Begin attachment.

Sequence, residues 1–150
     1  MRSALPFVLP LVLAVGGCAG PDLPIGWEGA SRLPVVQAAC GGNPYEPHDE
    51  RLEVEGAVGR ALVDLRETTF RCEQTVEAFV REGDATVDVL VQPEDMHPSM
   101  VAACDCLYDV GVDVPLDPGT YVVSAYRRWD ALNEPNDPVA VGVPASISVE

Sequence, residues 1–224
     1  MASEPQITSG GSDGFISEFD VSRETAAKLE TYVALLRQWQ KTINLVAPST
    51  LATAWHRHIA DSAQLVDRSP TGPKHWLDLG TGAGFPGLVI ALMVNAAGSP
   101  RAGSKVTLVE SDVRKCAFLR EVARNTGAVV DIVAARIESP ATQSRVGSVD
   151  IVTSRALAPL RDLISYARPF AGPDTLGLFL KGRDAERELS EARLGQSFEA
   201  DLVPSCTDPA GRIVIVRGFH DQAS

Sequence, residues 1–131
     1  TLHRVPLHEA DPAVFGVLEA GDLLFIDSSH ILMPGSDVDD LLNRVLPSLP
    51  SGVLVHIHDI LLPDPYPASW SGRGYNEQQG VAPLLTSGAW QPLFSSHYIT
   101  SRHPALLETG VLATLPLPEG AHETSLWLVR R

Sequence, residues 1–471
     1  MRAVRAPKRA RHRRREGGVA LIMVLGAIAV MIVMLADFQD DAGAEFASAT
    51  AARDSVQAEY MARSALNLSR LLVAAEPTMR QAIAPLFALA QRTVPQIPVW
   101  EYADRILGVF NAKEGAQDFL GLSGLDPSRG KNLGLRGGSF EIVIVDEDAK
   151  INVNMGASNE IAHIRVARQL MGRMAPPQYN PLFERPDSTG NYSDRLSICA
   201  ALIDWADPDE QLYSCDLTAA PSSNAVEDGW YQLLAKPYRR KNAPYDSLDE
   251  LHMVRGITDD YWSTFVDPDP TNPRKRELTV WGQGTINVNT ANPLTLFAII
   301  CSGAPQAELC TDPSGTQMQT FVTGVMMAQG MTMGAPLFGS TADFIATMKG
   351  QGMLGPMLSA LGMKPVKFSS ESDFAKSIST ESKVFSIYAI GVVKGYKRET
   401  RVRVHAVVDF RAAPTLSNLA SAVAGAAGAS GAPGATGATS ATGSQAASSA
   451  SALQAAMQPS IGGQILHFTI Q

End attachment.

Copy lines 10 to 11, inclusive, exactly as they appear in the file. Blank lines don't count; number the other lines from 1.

   201  DLVPSCTDPA GRIVIVRGFH DQAS

Sequence, residues 1–131